Brad Wardell's views about technology, politics, religion, world affairs, and all sorts of politically incorrect topics.
Published on November 17, 2008 By Draginol In Diet

I started back in September on a 7 week diet.  With a beginning weight of 176, my goal was to get down to 165.  This is the first diet I've ever really been on.

At first, it went pretty well - a pound a week.  But around week 5, I hit 171 and have not managed to get past that.

To lose more weight I have to overcome one primary obstacle: Cold weather.  While I have a treadmill and elliptical at home,  I much prefer to exercise outside. So when the weather started getting cold in October, I found my average daily steps drifting downward.

In week 4, I was averaging over 10,000 steps a day.  In the last couple of weeks, that average has dropped in half. 

I've been finding it a lot easier to restrict what I eat than to take the time to get out and walk and such.

on Nov 17, 2008

Fall Diet Ends

...winter diet begins...

Circle of Diets... afterwards we get the "Spring Diet" followed by the "summer diet"!

Luckily we here in America have aptly placed holidays to interfere with Dieting.  Thanksgiving, Christmass, Easter, 4th of July... days where massive consumption of quantities is fun and welcomed.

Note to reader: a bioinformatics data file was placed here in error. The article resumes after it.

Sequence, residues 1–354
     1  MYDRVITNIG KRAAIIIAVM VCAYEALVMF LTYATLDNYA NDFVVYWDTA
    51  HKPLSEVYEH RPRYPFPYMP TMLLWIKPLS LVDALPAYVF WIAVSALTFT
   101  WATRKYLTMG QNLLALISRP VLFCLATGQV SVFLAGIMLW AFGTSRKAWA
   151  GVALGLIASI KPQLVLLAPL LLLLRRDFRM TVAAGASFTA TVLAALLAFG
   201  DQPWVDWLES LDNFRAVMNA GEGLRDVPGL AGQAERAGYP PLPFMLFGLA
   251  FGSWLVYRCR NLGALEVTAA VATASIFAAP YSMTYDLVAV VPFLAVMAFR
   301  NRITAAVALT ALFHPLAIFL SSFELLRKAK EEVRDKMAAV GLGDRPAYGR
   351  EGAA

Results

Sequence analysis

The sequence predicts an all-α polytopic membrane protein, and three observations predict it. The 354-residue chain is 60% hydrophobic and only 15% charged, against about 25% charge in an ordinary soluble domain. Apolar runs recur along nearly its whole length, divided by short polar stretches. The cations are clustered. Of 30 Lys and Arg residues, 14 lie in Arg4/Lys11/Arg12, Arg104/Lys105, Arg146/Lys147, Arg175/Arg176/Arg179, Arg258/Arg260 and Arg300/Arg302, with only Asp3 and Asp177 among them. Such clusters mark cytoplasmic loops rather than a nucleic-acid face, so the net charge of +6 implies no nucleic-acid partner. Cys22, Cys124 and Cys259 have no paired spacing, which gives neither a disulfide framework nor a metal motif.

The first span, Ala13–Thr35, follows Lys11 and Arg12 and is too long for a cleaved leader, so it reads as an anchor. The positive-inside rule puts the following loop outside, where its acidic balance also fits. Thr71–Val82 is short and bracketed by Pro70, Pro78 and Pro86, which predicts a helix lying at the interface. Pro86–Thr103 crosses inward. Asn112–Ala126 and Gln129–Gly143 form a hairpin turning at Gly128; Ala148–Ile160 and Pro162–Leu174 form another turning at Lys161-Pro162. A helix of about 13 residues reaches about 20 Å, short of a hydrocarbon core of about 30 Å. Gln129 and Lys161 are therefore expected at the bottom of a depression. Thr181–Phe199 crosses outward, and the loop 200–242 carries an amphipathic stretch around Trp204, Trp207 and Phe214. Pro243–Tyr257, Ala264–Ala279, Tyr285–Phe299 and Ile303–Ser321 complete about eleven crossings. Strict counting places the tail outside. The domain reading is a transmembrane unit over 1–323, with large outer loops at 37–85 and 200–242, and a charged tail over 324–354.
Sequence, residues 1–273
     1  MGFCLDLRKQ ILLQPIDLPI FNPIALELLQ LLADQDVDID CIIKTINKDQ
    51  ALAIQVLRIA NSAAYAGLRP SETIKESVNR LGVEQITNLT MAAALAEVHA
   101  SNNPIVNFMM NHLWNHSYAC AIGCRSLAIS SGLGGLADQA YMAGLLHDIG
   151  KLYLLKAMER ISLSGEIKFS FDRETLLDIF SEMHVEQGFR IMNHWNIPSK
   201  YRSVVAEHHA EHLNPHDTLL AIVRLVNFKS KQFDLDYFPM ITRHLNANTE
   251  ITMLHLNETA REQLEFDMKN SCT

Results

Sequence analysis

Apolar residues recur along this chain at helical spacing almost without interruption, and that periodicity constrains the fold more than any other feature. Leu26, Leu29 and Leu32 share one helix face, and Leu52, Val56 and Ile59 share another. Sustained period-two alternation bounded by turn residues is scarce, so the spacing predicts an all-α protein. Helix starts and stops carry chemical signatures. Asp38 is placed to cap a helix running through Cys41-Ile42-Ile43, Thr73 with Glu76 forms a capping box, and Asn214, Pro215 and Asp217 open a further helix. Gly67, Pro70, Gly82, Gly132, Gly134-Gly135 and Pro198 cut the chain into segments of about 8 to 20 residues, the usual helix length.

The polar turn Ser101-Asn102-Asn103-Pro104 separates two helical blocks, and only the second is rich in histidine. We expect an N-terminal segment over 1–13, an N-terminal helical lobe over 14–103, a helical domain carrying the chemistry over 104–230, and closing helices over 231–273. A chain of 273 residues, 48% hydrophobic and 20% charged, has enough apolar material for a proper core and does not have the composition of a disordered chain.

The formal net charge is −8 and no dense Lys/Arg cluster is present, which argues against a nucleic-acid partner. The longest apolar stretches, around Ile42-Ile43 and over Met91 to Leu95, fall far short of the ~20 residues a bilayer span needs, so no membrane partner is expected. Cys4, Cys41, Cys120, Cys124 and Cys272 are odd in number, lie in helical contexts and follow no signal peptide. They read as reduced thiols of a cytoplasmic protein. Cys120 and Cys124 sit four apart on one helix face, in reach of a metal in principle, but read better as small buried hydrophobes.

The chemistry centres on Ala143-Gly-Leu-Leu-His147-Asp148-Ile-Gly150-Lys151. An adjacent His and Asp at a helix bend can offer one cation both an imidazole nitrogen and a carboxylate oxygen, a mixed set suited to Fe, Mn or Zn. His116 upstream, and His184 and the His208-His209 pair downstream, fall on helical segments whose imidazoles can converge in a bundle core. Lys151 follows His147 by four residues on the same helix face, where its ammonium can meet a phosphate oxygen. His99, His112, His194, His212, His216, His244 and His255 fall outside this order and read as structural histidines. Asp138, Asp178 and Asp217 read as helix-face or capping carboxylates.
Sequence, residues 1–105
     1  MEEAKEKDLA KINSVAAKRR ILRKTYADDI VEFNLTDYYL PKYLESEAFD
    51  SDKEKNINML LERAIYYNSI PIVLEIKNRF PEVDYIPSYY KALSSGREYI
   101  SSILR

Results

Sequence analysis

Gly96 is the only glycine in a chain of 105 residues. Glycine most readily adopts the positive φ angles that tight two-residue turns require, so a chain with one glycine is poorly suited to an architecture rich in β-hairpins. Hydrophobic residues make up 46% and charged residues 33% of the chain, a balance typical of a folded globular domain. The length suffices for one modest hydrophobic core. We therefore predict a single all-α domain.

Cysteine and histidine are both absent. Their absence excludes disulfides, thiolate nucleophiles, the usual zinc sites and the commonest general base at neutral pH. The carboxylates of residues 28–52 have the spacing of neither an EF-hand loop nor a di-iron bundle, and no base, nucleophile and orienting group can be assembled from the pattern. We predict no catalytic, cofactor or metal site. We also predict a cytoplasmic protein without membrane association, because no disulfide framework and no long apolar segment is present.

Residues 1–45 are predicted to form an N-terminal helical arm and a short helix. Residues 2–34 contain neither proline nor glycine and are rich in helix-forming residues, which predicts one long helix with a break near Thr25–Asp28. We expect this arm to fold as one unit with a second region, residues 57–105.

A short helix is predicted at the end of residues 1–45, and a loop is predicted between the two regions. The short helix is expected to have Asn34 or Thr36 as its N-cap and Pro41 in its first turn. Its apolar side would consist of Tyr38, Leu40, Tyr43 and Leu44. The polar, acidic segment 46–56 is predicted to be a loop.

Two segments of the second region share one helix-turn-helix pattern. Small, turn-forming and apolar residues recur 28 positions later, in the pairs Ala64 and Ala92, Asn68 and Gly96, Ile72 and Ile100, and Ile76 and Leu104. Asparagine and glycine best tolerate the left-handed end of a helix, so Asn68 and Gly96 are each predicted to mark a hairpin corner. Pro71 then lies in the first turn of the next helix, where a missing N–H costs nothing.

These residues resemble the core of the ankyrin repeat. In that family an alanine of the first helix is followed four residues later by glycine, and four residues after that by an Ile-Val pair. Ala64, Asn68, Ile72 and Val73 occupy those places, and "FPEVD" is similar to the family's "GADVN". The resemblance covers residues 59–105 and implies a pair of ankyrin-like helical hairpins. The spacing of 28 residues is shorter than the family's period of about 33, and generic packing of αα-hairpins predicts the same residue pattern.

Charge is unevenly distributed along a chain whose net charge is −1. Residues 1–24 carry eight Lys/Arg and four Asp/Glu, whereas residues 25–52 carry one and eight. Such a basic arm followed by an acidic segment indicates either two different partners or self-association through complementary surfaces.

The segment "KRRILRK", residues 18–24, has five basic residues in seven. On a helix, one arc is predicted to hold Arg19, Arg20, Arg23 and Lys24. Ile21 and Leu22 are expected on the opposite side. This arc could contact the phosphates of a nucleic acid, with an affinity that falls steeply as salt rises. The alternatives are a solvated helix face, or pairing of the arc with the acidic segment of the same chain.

...only to cry about it the next day cause you overate.  mmm, overeating.

Perhaps you should take up Yoga?

on Nov 26, 2008

While exercise is important for health, it has very little to do with weight control. 

The only sure way of losing weight is calorie counting.

Male adults need between 2,100 and 2,300 calories per day to maintain weight.  3,500 calories == 1lb of fat.  Literally, if you were to use an ice cream scoop to take a chunk out of your belly and burn it in a calorimiter, this is the number you would get.

Exercise can raise your metabolism so that your maintenance number goes up a little bit, but not enough to change weight loss in the aggregate.  Exercise also burns calories directly, burning what you have eaten that day so it is not converted to fat.  But the amount is very, very small (like 75 calories for a half hour of sit ups!).  Bleh.

So if you eat 500 calories more than your maintenance number, you will gain 1lb per week.  Conversely, if you eat 500 less than y our maintenance number, you will lose 1lb per week.  There is about a week to 2 weeks of lag time in this.

A couple years ago, I cut myself down to 1,500 calories per day.  I lost 49 pounds in 7 months.

This is HARD to do.  You will be living with constant hunger. There are some strategies to mitigate this, but it takes some experimentation to find what works for you.

Exercise during such drastic weight loss is very important.  When you are this hungry, your body will eat away at muscles as well as fat if you are not using them.


on Nov 26, 2008

Oh, I second the yoga suggestion.  Very fun once you get past the initial awkwardness.